Eisenberg’s postdoctoral studies took him to Princeton in 1964 to work with Dr. Walter Kauzmann, well known for his discovery of the hydrophobic interaction. Eisenberg recollected his ambitious postdoctoral plan “to compute the energy of the hydrophobic interaction in myoglobin, the first protein with a known 3D structure. This plan now seems hopelessly naïve: computers were not yet up to such a calculation, potential functions and theory had not advanced to the point that this was a practical problem, and the early protein crystallographers were not eager to release their atomic coordinates.”

In light of these challenges, Eisenberg’s work with Kauzmann culminated in “a monograph on ice and water, which, incidentally, is still in print 44 years later.”

His failed postdoctoral research plan also opened his eyes. He knew if he wanted to pursue protein energetics, which required knowing protein coordinates, he had to learn X-ray crystallography. Eisenberg’s next postdoc took him “to Caltech to study X-ray crystallography with Richard Dickerson, who had been part of the team who had determined the structure of myoglobin.”

His X-ray crystallography training was pivotal to establishing his own lab at UCLA that focused on studying diverse protein structures. Melittin, a component of bee venom, was one of the first structures he determined with his then graduate student Tom Terwilliger. Eisenberg vividly recalled that, “At last I was able to get down to energetic calculations on a protein, and came up with the idea of the hydrophobic moment. This and related ideas gave me for the first time the feeling that I could make discoveries.”

Eisenberg also remembers the excitement of solving the structure of diphtheria toxin dimer, which he worked on with John Collier, Senyon Choe, and Melanie Bennett (Brewer). He recalled the excitement that stemmed from Bennett (Brewer)’s observation that “two monomers of the dimer swapped their third domains, and we called this phenomenon “3D domain swapping.” We explored the implications of 3D domain swapping, again calling on my background in energetics. Diphtheria toxin was the first structural example of 3D domain swapping; now there are hundreds.”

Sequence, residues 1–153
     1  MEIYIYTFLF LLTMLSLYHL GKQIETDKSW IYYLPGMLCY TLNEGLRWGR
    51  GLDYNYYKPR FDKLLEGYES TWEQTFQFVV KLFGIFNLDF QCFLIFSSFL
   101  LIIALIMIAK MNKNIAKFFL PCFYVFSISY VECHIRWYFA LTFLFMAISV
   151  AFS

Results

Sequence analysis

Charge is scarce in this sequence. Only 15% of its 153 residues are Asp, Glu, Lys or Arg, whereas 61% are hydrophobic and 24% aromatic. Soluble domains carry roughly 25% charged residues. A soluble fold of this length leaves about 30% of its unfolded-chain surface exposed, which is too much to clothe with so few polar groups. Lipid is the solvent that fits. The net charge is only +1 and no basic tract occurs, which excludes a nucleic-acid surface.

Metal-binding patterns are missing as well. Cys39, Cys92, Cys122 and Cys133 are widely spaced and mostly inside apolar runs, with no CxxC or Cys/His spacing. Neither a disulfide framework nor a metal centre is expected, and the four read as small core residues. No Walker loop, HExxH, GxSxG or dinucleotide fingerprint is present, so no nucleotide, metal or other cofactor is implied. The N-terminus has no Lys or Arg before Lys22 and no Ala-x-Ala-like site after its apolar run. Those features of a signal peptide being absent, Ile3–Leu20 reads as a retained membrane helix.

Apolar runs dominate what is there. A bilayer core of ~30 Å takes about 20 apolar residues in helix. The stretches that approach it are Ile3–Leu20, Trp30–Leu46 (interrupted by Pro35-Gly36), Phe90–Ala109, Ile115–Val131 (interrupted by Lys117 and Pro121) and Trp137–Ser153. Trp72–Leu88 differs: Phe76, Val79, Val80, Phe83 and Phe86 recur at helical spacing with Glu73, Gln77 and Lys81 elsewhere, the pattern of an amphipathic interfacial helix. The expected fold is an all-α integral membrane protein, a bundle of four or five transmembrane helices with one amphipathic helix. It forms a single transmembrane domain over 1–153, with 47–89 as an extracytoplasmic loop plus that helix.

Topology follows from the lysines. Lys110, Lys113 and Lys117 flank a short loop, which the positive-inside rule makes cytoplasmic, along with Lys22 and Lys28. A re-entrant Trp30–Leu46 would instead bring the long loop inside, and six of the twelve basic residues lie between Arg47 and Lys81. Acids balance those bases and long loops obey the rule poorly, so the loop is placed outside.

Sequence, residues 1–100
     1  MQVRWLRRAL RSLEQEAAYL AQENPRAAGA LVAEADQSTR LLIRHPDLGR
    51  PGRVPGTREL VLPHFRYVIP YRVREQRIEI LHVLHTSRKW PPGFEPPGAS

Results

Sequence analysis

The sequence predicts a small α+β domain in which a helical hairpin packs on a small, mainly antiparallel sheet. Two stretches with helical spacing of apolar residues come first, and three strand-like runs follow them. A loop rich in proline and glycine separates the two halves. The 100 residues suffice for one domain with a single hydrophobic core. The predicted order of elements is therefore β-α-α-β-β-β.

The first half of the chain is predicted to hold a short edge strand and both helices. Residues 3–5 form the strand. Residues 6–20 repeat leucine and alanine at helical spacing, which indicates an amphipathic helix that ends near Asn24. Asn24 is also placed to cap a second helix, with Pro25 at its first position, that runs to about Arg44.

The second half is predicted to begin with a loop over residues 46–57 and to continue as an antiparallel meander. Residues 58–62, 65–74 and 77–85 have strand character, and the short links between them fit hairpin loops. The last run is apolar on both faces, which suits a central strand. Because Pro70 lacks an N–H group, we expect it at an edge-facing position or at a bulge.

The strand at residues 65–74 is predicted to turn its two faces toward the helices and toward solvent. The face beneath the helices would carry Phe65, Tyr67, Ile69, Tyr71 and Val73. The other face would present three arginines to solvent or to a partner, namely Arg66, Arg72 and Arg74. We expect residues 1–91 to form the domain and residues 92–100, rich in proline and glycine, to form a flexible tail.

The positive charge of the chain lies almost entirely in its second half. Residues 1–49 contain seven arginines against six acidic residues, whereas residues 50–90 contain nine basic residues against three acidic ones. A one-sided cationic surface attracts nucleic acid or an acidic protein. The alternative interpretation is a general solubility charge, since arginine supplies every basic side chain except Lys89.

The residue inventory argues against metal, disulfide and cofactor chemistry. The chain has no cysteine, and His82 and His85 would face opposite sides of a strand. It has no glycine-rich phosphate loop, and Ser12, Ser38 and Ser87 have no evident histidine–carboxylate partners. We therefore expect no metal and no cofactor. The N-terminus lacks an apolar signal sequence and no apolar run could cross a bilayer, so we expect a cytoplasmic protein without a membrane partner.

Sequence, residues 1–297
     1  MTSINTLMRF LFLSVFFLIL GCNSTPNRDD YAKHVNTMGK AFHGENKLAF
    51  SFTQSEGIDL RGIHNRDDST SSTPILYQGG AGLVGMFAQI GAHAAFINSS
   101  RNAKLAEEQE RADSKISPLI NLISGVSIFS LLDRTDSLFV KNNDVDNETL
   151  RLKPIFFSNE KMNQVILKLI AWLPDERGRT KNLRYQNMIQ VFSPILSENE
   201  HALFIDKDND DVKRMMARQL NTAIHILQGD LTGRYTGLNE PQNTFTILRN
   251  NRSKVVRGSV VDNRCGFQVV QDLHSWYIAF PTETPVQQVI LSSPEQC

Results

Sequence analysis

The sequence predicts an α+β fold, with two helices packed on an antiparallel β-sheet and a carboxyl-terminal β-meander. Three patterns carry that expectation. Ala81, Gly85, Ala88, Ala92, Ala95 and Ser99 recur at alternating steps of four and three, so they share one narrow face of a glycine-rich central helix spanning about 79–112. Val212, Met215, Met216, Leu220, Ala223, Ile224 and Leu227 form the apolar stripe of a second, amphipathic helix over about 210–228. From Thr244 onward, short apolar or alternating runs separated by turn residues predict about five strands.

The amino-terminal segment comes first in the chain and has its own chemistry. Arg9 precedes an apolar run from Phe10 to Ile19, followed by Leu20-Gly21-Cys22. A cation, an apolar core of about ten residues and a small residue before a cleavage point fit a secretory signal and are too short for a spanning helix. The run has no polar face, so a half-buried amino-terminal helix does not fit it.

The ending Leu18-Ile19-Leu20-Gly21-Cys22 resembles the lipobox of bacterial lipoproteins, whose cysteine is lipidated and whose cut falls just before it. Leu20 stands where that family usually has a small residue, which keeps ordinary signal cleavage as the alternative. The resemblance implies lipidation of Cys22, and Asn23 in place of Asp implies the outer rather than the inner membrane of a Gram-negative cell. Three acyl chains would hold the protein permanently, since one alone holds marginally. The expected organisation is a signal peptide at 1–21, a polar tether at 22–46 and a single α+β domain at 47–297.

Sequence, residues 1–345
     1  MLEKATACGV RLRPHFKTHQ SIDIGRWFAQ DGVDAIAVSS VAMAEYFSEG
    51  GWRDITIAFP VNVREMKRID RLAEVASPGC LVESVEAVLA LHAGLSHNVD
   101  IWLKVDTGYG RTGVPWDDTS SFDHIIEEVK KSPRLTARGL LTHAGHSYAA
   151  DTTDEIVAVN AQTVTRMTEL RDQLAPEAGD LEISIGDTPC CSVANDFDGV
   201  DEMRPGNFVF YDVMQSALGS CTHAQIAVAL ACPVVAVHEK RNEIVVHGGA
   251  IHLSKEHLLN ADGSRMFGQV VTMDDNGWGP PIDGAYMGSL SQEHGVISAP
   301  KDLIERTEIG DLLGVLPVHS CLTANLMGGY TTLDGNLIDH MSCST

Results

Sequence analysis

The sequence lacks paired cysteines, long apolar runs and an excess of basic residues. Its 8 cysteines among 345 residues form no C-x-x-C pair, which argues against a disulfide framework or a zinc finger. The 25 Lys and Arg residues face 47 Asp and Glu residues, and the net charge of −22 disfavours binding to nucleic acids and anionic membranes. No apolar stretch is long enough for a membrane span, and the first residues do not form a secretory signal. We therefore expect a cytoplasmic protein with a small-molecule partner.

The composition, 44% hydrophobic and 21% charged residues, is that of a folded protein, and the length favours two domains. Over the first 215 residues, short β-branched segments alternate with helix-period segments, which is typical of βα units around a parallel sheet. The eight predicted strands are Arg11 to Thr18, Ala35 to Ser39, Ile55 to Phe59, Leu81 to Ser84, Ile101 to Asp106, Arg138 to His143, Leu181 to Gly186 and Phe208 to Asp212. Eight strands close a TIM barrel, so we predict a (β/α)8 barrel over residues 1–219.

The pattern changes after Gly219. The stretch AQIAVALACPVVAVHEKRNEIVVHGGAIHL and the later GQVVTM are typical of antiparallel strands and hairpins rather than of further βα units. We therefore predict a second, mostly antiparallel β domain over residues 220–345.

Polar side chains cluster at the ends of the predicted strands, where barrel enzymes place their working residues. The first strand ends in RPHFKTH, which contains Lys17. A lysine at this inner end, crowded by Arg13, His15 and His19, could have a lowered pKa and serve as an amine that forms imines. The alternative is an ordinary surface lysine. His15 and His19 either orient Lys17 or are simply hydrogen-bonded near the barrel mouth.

Eisenberg’s work on protein structures awakened his interest in how protein sequences relates to 3D structures. While on sabbatical at the Laboratory of Molecular Biology in Cambridge, he worked with Andrew McLachlan and Mike Gribskov to develop methods to examine protein sequences and use profile analysis to predict the presence of potential structural motifs. These studies led to his work on 3D profiles with Jim Bowie and Roland Luethy, which Eisenberg has now seen “applied to many protein problems.”

Burkhard Rost, president of the ISCB, considers Eisenberg’s work on hydrophobicity profiling as groundbreaking as it “describes an important feature of the constituents which] we found we could extract information on protein interactions from sequenced genomes.” These cutting edge studies resulted in several publications that showed how protein function and protein-protein interactions could be predicted from genome sequences.